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Redefining Hungarian Music from Liszt to Bartók

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en Limba Engleză Carte Hardback – 12 Dec 2013
Some of the most popular works of nineteenth-century music were labeled either "Hungarian" or "Gypsy" in style, including many of the best-known and least-respected of Liszt's compositions. In the early twentieth century, Béla Bartók and his colleagues questioned not only the Hungarianness but also the good taste of that style. Bartók argued that it should be discarded in favor of a national style based in the "genuine" folk music of the ruralpeasantry. Between the heyday of the nineteenth-century Hungarian-Gypsy style and its replacement by a new paradigm of "authentic" national style was a vigorous decades-long debate-one little known inside or outside Hungary-over what it meant to be Hungarian, European, and modern. Redefining Hungarian Music from Liszt to Bartók traces the historical process that defined the conventions of Hungarian-Gypsy style. Author Lynn M. Hooker frames her study around the 1911 celebration of Liszt's centennial. In so doing, she analyzes Liszt's problematic role as a Hungarian-born composer and leader of Hungarian art music who spent most of his life outside of Hungary and questioned whether Hungary's national music was more the creation of Hungarians or Roma (Gypsies).The themes of race and nation that emerge in the discussion of Liszt are further developed in an analysis of discourse on Hungarian national music throughout the Hungarian press in the late nineteenth and early twentieth centuries. Showing how the "discovery" of "genuine" folk music by Bartók and Kodály, oftendepicted as a purely "scientific" matter, responds directly to concerns raised by earlier writers about the "problem of Hungarian music," Hooker argues that the innovations of Bartók and Kodály and their circle are not so much in correcting a flawed concept of the national as in using the idea of national authenticity to open up freedom for composers to explore more stylistic options, including the exploration of modernist musical language. Meticulously researched and elegantlywritten, Redefining Hungarian Music from Liszt to Bartók is essential reading for musicologists, musicians, and concertgoers alike.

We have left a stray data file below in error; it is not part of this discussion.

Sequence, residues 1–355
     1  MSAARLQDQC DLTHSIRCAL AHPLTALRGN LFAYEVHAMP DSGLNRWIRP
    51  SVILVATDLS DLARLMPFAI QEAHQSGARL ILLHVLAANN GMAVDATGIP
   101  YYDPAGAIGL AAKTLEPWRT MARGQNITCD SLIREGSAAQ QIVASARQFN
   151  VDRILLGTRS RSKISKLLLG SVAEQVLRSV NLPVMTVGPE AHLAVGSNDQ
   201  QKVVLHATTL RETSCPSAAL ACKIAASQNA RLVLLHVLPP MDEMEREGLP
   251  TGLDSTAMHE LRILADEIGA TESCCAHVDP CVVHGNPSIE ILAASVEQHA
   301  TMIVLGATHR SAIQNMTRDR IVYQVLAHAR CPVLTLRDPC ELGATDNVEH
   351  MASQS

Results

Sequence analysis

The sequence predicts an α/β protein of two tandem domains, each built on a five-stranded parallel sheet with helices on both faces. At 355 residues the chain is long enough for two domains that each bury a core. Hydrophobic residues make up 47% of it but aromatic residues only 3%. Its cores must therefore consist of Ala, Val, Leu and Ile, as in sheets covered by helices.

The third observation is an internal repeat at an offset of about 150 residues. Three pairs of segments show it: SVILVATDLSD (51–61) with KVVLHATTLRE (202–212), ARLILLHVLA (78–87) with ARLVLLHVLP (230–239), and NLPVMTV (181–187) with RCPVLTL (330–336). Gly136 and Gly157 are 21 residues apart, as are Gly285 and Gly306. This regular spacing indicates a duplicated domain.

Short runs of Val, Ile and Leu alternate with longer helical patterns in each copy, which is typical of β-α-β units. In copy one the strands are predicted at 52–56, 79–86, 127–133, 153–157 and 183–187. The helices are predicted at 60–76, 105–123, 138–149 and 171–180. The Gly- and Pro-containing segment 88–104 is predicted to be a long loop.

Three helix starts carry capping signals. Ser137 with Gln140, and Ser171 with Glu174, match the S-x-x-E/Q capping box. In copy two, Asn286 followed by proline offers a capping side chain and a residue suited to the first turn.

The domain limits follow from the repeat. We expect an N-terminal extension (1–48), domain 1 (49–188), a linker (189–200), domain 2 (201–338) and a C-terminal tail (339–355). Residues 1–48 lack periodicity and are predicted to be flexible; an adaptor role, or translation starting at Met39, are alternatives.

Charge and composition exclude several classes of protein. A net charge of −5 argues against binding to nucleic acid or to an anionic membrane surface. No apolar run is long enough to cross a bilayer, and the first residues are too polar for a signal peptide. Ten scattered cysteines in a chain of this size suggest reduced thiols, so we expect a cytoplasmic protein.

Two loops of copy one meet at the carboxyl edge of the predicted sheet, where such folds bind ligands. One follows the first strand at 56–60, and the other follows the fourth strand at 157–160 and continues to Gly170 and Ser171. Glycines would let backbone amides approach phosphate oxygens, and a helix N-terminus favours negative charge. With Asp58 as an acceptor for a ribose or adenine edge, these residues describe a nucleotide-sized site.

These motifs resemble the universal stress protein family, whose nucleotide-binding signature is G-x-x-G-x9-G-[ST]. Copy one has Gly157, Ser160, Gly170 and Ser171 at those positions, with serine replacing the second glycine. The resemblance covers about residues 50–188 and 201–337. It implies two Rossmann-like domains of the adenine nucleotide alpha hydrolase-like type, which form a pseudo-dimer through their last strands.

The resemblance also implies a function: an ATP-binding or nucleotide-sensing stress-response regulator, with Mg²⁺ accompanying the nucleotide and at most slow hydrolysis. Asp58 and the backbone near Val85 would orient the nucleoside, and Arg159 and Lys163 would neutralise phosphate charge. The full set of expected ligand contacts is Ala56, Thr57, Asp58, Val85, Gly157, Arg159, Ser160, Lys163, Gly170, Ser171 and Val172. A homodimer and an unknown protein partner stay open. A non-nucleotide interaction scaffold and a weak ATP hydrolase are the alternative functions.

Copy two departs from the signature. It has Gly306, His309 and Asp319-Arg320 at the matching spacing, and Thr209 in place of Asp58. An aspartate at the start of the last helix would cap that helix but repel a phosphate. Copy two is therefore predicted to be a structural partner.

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Specificații

ISBN-13: 9780199739592
ISBN-10: 0199739595
Pagini: 320
Ilustrații: 6 halftones, 36 music examples, 8 tables
Dimensiuni: 162 x 241 x 29 mm
Greutate: 0.59 kg
Editura: Oxford University Press
Colecția OUP USA
Locul publicării: New York, United States

Recenzii

Succeeds brilliantly in illuminating some vexing matters in a critical period of Hungarian musical history.
Hooker's control of scholarly and primary sources is exemplary, as is her critical analysis ... In Lynn Hooker's able hands we see how the musicological discourse on the nature of national style both clarifies an important period of Hungarian music history and affected its course.

Notă biografică

Lynn M. Hooker serves as Associate Professor of Hungarian Studies at Indiana University, where she is also affiliated faculty in Musicology and Ethnomusicology. She received her PhD in the History and Theory of Music from the University of Chicago. She lives in Bloomington with her husband and two children.